So the next day, I was quite surprised when he went to pick up his haul of crayfish. He had obviously moved on in terms of technique because he had laid out a crayfish cage. He caught a bucket worth, 44 to be exact, of which he threw 10 back because they were too small.
When he proudly and happily came home with his bucket of crayfish, Farfar sprang into action. He showed Gustaf how to flavor the boiling water. He added salt, tasting periodically until it was sufficiently salty. Farfar whipped out a bag of frozen home grown crown dill, which is the flower of a fully grown dill plant and is traditionally used to flavor boiling water for seafood in Sweden. He threw in a few sugar cubes and then pronounced it ready.
After the water was brought to boil, we threw in the crayfish. "All at once," admonished Farfar, annoyed when I tried to stop the action to take a picture, "otherwise the water cools and the last crayfish don't die immediately." The crayfish are boiled for a few minutes and then set out to cool in the cooking water. Two days later, we sat down to eat perfectly salty, sweet crayfish.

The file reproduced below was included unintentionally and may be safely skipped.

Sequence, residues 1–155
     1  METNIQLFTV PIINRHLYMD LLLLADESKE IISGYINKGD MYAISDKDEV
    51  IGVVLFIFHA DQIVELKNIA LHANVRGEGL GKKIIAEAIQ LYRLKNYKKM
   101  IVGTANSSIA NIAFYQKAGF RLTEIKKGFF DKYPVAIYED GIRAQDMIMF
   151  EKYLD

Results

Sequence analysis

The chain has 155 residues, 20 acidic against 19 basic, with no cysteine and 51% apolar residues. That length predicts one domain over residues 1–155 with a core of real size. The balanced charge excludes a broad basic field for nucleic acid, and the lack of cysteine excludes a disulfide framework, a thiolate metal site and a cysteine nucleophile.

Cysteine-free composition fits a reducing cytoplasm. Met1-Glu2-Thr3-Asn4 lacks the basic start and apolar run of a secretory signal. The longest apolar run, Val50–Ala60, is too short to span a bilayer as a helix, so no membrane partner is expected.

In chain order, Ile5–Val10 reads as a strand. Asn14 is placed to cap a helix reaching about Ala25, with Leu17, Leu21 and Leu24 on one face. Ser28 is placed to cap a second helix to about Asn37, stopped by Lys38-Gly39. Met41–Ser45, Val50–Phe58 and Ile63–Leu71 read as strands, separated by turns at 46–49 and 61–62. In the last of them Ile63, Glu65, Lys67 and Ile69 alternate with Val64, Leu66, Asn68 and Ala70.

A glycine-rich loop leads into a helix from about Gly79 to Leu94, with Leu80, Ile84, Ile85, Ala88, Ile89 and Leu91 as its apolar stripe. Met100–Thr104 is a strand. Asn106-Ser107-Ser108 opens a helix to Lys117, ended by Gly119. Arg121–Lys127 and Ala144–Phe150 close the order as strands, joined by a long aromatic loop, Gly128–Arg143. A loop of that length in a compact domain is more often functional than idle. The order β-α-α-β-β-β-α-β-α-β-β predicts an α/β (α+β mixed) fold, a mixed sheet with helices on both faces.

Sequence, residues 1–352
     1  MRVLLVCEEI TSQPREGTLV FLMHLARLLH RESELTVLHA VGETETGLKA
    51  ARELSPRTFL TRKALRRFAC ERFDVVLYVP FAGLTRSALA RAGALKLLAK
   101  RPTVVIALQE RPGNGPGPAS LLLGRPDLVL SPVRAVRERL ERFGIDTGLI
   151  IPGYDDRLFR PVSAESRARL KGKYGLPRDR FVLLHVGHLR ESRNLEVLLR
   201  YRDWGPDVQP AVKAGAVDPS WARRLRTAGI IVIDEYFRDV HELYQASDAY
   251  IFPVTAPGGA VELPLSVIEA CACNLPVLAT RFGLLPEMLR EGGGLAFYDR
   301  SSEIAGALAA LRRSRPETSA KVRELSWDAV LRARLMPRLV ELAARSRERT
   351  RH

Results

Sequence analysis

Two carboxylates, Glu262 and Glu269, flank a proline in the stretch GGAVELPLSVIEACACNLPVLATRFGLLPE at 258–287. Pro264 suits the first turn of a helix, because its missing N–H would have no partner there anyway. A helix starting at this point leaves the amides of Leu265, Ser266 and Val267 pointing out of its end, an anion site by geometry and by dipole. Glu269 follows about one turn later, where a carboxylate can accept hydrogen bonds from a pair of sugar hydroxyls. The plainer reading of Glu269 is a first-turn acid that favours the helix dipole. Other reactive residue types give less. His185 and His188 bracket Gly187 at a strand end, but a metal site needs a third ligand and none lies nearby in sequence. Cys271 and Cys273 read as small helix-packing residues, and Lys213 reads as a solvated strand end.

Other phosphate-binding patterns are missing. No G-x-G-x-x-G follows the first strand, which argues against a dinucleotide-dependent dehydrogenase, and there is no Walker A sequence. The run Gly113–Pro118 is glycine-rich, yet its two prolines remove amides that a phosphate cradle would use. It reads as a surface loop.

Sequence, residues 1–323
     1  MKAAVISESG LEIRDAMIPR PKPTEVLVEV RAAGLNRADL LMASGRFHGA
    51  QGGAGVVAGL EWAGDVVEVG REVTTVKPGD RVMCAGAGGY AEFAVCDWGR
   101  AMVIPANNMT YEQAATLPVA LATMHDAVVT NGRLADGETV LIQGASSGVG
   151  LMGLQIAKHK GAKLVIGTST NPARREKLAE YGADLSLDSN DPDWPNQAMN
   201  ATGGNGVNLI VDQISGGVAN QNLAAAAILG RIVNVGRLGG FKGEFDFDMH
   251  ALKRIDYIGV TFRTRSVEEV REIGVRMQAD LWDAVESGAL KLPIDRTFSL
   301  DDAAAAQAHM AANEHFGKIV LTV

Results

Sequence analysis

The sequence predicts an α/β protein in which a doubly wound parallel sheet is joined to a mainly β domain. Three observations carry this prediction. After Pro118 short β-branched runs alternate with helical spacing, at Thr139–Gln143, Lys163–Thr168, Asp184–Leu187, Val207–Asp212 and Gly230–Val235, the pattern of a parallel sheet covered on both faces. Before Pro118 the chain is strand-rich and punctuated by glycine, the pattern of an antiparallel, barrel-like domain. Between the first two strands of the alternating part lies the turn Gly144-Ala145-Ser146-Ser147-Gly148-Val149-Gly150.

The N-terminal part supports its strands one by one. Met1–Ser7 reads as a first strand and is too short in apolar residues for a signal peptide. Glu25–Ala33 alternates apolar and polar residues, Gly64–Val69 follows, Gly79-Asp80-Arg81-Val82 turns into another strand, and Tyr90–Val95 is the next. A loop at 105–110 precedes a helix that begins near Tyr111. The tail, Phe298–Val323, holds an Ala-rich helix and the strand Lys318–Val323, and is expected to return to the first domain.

Here's roughly how we did it, with a rough estimation of the measurements of sugar and salt that Farfar threw in:
About 1 kilo freshwater crayfish (about 25 to 35, depending on size)
2 teaspoons sugar
about 3 liters water
about 1.5 dl salt
6 to 8 heads crown dill
Take a large pot that will generously hold the crayfish and fill with water. Add salt until the water is as salty as sea water. Add sugar and crown dill. Bring the water to a boil. Add the crayfish. Put the lid on. Boil for about 7 to 8 minutes. Take off the stove and set aside with the lid on. Leave it to cool. Put the pot in the refrigerator and leave to sit, preferably overnight. It can keep a few days like this in the refrigerator.
To eat a crayfish, take a crayfish in one hand. With your fingers, pry up the bodyshell where it hits the tail. It will come off, leaving the tail attached to the body and legs. Put your mouth on the naked body and suck the juices. Trust me, it tastes good. Check the shell to see if there is some good "butter" in there and eat it. Pull the body off off the tail. Flip the tail over and break the shell and pull the tail meat out. Eat it. This is the best part. If the claws are large, you can break the shell with your teeth and pull out the meat. Repeat.
Eat the crayfish cold. The traditional accompaniments are a cold glass of schnapps and hard bread with cheese. Skål!